Ar'n't I a Woman?
~ The Heart of Sojourner Truth:
Feb 21, 2015
When Sojourner Truth took the podium at the Akron Ohio Women’s Rights convention she was greeted with boos and hisses. It was 1851, just nine years before the Civil War ...
Truth’s supporters secured her a place on the program and her very first sentences served notice that she would talk about women’s rights without ignoring the equally controversial topic of the abolition of slavery:
“Well chilern, whar dar is so much racket der must be something out of kilter. I tink dat ’twixt de niggers of de Souf and de women at de Norf all a talking ’bout rights, de white men will be in a fix pretty soon.”
Having launched her indictment of the status quo, Truth proceeded to draw on her own slave experience to demonstrate how slavery and racism made a mockery of the logic upon which sex discrimination was based:
“Dat man ober dar say dat woman needs to be lifted ober ditches, and to have de best place every whar. Nobody eber helped me into carriages, or ober mud puddles, or gives me any best place and ar’n’t I a woman? Look at me! Look at my arm! I have plowed, and planted, and gathered into barns, and no man could head me – and ar’n’t I a woman? I could work as much and eat as much as a man (when I could get it) and bear de lash as well – and ar’n’t I a woman? I have borne thirteen chilern and seen em mos’ all sold off into slavery, and when I cried out with a mother’s grief, none but Jesus heard – and ar’n’t I a woman?”
While researching this quote I read that this transcription of Ms. Truth’s words were recorded in this way by a Mrs. Frances Dana Barker Gage twelve years after the event. There is some question as to whether Ms. Truth actually ever posed the question, “Ar’n’t I a woman?” Furthermore because she was a slave from the North (New York state) and because Dutch was actually her first language, there is doubt that she spoke in the vernacular of the southern slaves as suggested by the quote.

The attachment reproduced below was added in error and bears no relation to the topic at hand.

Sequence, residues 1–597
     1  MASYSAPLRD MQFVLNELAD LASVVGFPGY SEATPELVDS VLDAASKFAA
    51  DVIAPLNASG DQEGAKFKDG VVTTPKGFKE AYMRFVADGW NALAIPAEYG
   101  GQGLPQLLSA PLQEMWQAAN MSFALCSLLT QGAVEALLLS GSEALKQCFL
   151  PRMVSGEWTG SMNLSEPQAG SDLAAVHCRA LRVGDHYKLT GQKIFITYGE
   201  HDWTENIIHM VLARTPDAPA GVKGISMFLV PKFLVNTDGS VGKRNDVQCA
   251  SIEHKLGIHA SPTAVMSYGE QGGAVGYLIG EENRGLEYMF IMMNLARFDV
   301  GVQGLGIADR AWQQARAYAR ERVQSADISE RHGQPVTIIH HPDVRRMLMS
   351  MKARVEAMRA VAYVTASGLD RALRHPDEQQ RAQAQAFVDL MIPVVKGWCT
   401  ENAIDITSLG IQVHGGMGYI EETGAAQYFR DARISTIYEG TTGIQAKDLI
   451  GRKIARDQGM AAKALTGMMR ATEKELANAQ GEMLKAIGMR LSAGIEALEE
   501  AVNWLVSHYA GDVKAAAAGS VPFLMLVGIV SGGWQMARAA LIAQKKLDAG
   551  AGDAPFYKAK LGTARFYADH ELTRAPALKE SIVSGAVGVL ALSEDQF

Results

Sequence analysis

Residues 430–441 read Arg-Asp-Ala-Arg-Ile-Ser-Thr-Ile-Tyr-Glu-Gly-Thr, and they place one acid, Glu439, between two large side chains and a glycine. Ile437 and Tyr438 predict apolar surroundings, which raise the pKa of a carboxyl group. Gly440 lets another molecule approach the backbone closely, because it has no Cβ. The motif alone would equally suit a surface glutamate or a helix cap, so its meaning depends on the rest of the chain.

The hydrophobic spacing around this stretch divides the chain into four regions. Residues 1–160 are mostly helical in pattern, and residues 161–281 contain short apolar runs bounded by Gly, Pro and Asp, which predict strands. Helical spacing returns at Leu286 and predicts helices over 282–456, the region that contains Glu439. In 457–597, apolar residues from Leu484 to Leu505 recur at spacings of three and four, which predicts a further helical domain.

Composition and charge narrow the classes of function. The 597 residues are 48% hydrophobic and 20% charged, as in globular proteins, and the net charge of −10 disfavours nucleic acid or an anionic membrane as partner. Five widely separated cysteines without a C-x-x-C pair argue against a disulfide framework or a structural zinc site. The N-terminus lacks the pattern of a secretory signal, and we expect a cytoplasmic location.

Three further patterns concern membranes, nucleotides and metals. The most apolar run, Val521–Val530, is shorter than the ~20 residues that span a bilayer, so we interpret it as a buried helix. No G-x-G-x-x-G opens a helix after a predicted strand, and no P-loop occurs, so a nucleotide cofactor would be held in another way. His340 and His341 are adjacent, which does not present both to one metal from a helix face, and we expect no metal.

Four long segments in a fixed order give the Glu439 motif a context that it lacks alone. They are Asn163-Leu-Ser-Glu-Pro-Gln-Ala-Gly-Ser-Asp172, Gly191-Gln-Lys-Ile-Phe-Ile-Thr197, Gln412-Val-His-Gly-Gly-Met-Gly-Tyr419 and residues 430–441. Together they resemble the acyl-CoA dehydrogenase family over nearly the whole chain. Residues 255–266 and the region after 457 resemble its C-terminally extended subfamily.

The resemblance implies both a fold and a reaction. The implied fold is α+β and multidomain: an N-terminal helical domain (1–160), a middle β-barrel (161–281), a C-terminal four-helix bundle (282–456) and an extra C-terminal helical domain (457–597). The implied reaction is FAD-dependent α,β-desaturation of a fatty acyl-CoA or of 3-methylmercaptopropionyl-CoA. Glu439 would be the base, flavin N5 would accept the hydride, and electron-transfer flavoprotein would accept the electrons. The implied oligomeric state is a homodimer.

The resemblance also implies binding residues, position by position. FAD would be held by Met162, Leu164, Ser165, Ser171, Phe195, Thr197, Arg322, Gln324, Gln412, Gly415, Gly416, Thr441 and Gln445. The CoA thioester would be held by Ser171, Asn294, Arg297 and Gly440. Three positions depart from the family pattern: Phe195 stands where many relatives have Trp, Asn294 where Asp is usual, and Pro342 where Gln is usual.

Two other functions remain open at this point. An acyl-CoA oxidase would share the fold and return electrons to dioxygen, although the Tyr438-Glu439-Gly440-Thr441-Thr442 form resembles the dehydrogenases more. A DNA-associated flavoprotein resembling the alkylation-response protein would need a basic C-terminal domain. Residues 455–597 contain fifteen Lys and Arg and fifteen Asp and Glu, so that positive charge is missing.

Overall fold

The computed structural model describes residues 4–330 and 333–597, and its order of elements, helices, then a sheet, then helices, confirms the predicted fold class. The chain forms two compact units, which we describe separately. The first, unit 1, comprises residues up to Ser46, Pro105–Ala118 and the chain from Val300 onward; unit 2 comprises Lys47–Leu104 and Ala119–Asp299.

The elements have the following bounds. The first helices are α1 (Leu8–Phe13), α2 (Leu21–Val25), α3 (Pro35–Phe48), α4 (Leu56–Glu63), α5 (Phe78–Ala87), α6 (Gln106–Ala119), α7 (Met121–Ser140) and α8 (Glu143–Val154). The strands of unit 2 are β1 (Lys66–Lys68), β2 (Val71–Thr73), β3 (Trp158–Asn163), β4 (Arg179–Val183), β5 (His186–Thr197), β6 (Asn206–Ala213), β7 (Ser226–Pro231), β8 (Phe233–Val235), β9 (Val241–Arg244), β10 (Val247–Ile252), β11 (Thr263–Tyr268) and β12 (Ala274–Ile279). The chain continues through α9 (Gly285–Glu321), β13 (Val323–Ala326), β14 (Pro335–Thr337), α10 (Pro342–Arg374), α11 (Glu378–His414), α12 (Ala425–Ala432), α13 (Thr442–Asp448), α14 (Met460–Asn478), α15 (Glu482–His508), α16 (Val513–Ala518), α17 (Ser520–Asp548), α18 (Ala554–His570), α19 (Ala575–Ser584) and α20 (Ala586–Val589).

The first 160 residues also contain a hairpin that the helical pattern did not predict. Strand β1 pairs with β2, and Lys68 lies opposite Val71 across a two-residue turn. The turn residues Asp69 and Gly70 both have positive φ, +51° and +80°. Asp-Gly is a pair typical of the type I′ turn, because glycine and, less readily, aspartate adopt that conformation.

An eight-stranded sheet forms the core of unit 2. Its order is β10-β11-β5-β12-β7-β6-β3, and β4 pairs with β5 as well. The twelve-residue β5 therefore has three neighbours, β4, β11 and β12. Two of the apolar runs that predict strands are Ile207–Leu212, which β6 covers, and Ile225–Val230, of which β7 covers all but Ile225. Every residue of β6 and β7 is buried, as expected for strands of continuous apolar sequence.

A Mr. Marius Robinson, a writer for the Anti-Slave Bugal, printed a transcript of her talk two weeks after she gave it,but included no mention of the question “Ar’n’t I a woman?”
It is important to consider what in fact actually happened to Ms. Truth personally, and the accuracy of the contents of her speech. Still, the quote from a rhetorical context speaks to the myriad of other slave women who did speak with a Southern dialect, and were subjected to the lash, and did have their children sold and lost, and who were treated as less than human, and less than white women.
Sojourner Truth was born Bell Baumfree in 1797. She had a spiritual experience at the age of forty-six when she took the name “Sojourner Truth” and began her life’s work speaking out for women’s rights and against slavery. She told her friends, “The Spirit calls me and I must go.” She met Harriet Beecher Stowe, William Lloyd Garrison, and Frederick Douglass during her work.
When she died at the age of eighty-six, 3000 people attended her funeral near her home, at the Battle Creek, Michigan, Tabernacle.
Note: The title of Ms. White’s book states the usage as "Ar'n't I a Woman?" Other sources say "Ain't I a Woman?" We personally prefer the second form, but Ms. White’s book specified the first which is why that is the form we have decided to stay with for this posting.
Posted by Kimmy Sophia Brown
Image(s) from Wikimedia Commons
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